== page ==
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Re: Personalization is hard. So what?

Philipp Lenssen [PersonRank 10]

Friday, April 1, 2005
17 years ago

Blogger's comments at Greg's blog have been down for many days for me, so I'll continue the discussion here:

Greg, I went to and they gave me these definitions for "objective": "Uninfluenced by emotions or personal prejudices", "Based on observable phenomena".

Let's not talk about Findory, let's talk about search results (that, as you may know by now, was my target when I discussed personalization problems).
Search results that are fed by my personal prejudices will cease to be objective, and become subjective. Also, they will cease to be observed by others, thus cease to be objective in this sense. Subjective, the oppositve of objective, means "particular to a given person". Personalized search results would be particular to me. I'm not sure I'd like that.

It starts when redirects me to German-language I want to see the English Google for a variety of reasons and simply reject these weak attempts at personalization. And this one's actually based on a very sound assumption – geolocation – which indeed finds out I'm located in Germany.

But I can see your point as well. Any sort of ranking/ show-or-hide-this algorithm needs to be initially programmed by developers who themselves have a subjective world view. But we need to see a precise distinction to most other actual personalization: personalization in SEs as its mostly discussed reacts on preferences of *content* and thus, when you prefer art (or tech, or sports), you'd get a stronger focus on art (or tech, or sports) in search results. This is a content-based distinction. I don't think search engines do this kind of content-bias normally, without personalization. I wouldn't like it in my search results, because Google et al should be pull, not push.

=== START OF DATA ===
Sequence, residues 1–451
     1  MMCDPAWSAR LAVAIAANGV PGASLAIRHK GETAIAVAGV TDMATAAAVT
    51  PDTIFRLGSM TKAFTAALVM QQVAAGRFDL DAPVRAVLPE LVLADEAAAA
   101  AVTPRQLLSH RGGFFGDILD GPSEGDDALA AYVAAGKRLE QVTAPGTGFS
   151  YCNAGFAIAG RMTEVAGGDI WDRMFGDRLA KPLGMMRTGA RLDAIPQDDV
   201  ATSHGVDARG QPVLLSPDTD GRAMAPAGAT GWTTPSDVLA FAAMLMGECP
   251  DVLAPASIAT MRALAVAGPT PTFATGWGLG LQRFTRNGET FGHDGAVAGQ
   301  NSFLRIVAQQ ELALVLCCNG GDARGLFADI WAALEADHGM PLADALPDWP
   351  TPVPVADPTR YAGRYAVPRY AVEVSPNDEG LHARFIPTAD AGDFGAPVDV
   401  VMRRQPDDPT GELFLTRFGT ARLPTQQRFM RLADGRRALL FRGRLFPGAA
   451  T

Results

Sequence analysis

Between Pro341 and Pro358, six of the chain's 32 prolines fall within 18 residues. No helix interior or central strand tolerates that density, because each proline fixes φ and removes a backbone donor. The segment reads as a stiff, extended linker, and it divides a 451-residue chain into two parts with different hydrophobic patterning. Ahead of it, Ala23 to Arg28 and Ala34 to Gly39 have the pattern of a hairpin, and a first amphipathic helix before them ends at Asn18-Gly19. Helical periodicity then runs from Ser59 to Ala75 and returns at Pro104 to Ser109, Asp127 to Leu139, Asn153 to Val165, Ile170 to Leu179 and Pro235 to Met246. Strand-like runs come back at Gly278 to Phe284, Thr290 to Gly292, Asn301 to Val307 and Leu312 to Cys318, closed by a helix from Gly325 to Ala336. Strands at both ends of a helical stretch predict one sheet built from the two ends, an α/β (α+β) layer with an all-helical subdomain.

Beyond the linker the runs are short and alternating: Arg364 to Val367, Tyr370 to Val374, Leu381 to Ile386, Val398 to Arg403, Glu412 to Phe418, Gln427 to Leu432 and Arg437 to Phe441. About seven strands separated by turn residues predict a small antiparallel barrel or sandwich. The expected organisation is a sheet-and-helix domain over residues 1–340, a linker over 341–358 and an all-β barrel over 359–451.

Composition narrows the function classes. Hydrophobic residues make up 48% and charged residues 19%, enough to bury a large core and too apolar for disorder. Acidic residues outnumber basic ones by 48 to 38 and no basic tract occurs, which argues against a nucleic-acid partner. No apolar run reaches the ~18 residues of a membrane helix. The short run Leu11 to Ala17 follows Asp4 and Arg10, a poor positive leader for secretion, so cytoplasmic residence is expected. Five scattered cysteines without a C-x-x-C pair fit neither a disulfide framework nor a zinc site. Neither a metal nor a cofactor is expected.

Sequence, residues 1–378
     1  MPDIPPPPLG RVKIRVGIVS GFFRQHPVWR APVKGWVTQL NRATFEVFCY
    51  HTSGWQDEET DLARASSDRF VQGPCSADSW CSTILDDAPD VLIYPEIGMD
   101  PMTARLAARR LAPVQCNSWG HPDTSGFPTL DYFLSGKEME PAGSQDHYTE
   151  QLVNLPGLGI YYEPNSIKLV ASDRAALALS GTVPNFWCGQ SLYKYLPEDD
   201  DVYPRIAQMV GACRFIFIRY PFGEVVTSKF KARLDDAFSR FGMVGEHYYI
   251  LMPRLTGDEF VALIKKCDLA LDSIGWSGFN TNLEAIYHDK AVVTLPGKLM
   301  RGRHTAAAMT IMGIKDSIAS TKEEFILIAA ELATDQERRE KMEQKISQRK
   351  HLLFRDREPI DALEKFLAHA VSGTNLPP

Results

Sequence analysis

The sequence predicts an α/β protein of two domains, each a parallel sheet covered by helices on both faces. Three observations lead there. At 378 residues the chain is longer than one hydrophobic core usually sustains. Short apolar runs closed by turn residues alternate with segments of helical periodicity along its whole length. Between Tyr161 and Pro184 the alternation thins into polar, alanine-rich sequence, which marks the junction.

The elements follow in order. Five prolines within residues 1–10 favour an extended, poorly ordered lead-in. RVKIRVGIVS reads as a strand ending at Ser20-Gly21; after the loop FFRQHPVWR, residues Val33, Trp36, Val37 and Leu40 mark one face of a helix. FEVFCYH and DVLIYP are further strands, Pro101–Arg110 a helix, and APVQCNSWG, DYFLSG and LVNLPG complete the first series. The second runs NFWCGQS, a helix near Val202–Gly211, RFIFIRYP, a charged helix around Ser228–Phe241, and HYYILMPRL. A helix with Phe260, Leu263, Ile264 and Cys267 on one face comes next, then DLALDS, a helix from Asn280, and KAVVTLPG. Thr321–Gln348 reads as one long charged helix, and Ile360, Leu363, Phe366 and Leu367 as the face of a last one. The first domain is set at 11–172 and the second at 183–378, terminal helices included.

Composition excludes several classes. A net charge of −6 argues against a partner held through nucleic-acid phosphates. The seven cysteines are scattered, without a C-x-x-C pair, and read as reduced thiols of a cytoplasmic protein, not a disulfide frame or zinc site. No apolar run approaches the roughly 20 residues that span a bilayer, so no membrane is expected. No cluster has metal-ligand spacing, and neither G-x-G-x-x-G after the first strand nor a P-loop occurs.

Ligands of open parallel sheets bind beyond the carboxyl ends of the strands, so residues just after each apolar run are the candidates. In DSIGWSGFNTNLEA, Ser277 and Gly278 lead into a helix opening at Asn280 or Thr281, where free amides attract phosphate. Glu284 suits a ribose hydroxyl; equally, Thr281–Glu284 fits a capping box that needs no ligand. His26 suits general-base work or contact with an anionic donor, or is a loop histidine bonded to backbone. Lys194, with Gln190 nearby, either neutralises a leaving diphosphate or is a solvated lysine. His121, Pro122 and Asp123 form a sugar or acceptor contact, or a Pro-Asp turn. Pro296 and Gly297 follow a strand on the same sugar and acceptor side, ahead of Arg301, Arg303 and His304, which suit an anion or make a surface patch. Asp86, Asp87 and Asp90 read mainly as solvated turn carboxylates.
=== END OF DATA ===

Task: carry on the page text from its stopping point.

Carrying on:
Greg Linden [PersonRank 1]

17 years ago #

Hi, Philipp. Sorry that the comments are down. As I'm sure you know, Blogger has been suffering under scaling problems. Sigh.

On the definition of objective, I don't mean to argue on minor semantic differences, but I think the "prejudices" part of the definition means that the bias has to be preconceived and not based on knowledge. But, regardless, I think your broader point here is that the personalization needs to be based on understandable, observable rules to make people comfortable.

There's a couple ways to deal with that. The first is to always allow people to see the unpersonalized results. The personalization might be the default, but the unpersonalized results would be lower on the page or a click away, not missing entirely. The second is to always explain the personalization. For example, on Amazon and Findory, you can get an explanation for any personalization, so the process is transparent and observable.

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